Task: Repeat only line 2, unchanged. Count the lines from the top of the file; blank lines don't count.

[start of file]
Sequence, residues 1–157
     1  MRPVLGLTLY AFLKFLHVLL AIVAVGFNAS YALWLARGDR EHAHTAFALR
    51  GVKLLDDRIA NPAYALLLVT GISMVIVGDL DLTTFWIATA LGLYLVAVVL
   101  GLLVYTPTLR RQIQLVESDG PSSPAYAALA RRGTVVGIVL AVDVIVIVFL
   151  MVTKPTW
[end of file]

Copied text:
     1  MRPVLGLTLY AFLKFLHVLL AIVAVGFNAS YALWLARGDR EHAHTAFALR